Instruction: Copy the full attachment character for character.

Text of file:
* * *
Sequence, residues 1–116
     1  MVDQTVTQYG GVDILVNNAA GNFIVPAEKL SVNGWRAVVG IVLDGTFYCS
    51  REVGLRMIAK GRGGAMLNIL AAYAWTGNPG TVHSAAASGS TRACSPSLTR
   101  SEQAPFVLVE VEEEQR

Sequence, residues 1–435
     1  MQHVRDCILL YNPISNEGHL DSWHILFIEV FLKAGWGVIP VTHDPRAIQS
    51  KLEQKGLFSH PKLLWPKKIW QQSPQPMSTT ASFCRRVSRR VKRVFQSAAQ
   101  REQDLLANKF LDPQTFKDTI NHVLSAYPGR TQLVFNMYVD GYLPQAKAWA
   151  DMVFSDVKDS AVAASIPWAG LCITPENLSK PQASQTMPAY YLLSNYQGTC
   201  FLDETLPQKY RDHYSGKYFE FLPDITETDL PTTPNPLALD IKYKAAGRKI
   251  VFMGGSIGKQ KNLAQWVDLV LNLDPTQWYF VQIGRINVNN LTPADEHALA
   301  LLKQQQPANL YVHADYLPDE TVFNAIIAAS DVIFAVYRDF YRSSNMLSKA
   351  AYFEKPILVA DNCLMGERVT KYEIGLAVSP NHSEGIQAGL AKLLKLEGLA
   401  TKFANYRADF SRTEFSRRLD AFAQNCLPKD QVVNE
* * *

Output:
Sequence, residues 1–116
     1  MVDQTVTQYG GVDILVNNAA GNFIVPAEKL SVNGWRAVVG IVLDGTFYCS
    51  REVGLRMIAK GRGGAMLNIL AAYAWTGNPG TVHSAAASGS TRACSPSLTR
   101  SEQAPFVLVE VEEEQR

Sequence, residues 1–435
     1  MQHVRDCILL YNPISNEGHL DSWHILFIEV FLKAGWGVIP VTHDPRAIQS
    51  KLEQKGLFSH PKLLWPKKIW QQSPQPMSTT ASFCRRVSRR VKRVFQSAAQ
   101  REQDLLANKF LDPQTFKDTI NHVLSAYPGR TQLVFNMYVD GYLPQAKAWA
   151  DMVFSDVKDS AVAASIPWAG LCITPENLSK PQASQTMPAY YLLSNYQGTC
   201  FLDETLPQKY RDHYSGKYFE FLPDITETDL PTTPNPLALD IKYKAAGRKI
   251  VFMGGSIGKQ KNLAQWVDLV LNLDPTQWYF VQIGRINVNN LTPADEHALA
   301  LLKQQQPANL YVHADYLPDE TVFNAIIAAS DVIFAVYRDF YRSSNMLSKA
   351  AYFEKPILVA DNCLMGERVT KYEIGLAVSP NHSEGIQAGL AKLLKLEGLA
   401  TKFANYRADF SRTEFSRRLD AFAQNCLPKD QVVNE